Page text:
Unfortunately, this overview of the early days of science is plagued by a major shortcoming: Lindberg’s failure to criticize the cultural and philosophical factors that have impeded scientific advancement. This first becomes evident in his discussion of the Romans. Despite its close contact with Greek Hellenistic culture, Roman culture had a notable absence of scientific achievements. Lindberg traces this to the fact that the Romans had little interest in the more abstract scientific and philosophical reasoning of the Greeks. But rather than criticize the Romans for their disinterest in the abstract, Lindberg practically condones their attitude:

Romans . . . borrowed [from the Greeks] what seemed interesting or useful. If certain Greeks had devoted their lives to subjects that were abstract, technical, impractical, and (as some no doubt judged) boring, that was no reason for large numbers of Romans to make the same mistake (p. 136).

Similarly, Lindberg fails to acknowledge the negative influence that Plato’s ideas had on science. Although Plato clearly implies that observational details of nature—being mere shadows of reality—are unworthy of study, and although his disparagement of the senses (which deeply influenced Christianity) has led many thinkers to eschew the empirical study of nature (an influence  acknowledged by other historians, such as George Sarton and Peter Whitfield), Lindberg never mentions such things.

His failure to name the negative consequences of bad philosophy on scientific progress is more glaring in his discussion of religion, where he appears to be downright evasive. The medieval Christians’ claim that science is the handmaiden of religion, Lindberg writes in a particularly illogical and muddled passage, did not contradict science or impede progress; on the contrary, science has to be the handmaiden of something, and when it was the handmaiden of religion, that led to (unnamed) “important developments”:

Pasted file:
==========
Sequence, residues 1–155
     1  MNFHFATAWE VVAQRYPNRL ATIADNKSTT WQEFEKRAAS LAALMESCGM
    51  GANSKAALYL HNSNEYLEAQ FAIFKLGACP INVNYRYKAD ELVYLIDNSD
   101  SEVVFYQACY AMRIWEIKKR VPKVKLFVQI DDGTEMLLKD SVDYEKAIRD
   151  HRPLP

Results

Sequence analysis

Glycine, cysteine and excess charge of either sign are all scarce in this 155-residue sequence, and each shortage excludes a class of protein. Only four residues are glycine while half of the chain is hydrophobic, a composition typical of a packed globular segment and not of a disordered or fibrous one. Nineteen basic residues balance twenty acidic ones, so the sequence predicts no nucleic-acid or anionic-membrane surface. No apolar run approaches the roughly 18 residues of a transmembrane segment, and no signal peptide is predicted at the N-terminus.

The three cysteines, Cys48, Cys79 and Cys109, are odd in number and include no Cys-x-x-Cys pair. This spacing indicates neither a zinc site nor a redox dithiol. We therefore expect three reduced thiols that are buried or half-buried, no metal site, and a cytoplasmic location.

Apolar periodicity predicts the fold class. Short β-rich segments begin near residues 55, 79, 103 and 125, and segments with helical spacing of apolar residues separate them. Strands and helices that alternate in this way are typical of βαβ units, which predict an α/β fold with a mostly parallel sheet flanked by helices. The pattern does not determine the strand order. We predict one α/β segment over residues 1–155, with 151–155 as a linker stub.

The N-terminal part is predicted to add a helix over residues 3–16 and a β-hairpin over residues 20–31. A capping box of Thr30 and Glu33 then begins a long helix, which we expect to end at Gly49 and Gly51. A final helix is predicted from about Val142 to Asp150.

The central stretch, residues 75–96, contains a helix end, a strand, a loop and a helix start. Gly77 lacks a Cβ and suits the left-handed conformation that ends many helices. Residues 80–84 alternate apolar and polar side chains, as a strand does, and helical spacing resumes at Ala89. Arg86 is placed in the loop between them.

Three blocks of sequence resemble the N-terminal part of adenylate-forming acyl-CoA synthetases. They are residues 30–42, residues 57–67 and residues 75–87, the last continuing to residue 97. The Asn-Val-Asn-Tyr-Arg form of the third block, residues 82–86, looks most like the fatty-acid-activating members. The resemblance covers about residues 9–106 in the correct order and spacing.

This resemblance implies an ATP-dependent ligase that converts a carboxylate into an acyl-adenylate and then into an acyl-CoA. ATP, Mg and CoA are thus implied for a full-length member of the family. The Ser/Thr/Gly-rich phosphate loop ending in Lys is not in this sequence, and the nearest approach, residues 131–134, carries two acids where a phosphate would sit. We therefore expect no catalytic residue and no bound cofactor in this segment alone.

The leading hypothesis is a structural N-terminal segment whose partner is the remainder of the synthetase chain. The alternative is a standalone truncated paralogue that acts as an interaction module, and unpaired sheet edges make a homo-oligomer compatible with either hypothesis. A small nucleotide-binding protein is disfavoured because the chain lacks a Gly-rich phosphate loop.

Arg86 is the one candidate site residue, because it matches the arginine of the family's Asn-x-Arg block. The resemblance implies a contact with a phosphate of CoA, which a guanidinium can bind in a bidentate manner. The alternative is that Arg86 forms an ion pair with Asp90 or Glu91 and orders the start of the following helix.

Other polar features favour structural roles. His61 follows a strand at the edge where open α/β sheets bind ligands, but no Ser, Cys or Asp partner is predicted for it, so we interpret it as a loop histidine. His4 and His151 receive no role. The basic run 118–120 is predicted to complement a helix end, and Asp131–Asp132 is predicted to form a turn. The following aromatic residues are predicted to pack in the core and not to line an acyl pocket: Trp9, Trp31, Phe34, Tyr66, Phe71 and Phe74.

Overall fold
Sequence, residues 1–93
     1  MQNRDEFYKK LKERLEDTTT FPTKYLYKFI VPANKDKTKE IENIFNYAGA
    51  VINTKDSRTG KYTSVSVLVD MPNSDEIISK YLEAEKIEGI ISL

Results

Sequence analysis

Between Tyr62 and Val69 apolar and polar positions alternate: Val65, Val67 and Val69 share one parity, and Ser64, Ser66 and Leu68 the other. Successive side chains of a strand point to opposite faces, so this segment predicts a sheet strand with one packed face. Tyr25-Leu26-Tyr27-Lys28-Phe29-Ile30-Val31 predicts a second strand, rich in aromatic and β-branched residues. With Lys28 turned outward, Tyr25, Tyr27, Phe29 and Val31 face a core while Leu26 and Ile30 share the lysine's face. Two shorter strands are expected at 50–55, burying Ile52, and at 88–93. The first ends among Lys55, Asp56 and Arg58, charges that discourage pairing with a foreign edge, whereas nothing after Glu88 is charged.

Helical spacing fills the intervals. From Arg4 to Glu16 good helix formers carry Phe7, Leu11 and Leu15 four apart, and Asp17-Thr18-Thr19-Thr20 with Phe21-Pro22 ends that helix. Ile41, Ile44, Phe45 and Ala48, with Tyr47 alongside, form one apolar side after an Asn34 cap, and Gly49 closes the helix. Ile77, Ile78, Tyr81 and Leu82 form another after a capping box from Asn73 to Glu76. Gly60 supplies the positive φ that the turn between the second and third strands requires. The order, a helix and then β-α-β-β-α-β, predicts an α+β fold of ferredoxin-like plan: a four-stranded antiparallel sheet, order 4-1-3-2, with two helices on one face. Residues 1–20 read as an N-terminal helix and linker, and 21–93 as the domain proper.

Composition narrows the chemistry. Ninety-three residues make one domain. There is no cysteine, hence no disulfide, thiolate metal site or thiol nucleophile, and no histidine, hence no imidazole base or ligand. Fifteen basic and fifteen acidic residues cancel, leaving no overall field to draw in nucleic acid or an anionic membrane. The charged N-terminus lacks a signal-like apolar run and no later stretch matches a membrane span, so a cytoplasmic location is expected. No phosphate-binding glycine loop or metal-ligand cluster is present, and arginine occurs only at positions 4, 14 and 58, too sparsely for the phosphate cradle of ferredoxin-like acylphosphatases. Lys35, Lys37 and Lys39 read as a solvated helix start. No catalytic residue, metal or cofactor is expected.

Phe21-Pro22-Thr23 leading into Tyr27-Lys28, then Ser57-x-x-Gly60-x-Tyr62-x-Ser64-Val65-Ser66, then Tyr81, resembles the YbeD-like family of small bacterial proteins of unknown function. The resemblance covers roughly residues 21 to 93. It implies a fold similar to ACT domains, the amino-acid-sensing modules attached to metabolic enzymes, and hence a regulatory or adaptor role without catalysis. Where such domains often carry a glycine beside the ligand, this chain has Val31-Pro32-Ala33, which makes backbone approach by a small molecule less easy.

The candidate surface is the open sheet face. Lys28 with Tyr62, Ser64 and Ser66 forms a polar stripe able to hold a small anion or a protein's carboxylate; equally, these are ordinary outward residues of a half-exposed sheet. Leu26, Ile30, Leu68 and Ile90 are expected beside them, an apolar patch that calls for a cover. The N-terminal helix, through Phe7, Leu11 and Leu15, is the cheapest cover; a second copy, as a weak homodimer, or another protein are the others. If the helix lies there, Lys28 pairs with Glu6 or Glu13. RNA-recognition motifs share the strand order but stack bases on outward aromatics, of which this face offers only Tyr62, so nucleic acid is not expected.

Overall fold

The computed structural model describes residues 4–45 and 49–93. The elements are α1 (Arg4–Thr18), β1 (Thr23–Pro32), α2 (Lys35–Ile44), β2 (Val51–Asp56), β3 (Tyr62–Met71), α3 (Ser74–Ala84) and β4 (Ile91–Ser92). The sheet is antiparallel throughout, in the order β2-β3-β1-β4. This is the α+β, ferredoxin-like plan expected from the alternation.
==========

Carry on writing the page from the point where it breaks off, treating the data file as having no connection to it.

[A] critic determined to view the early church as an obstacle to scientific progress might argue that the handmaiden status accorded to natural philosophy is inconsistent with the existence of genuine science. True science, this critic might maintain, cannot be the handmaiden of anything, but must possess total autonomy. . . . In fact, this complaint misses the mark: totally autonomous science is an attractive ideal, but we do not live in an ideal world. And many of the most important developments in the history of science have been produced by people committed not to autonomous science, but to science in the service of some ideology, social program, or practical end; for most of its history, the question has not been whether science will function as handmaiden, but which mistress it will serve (p. 150).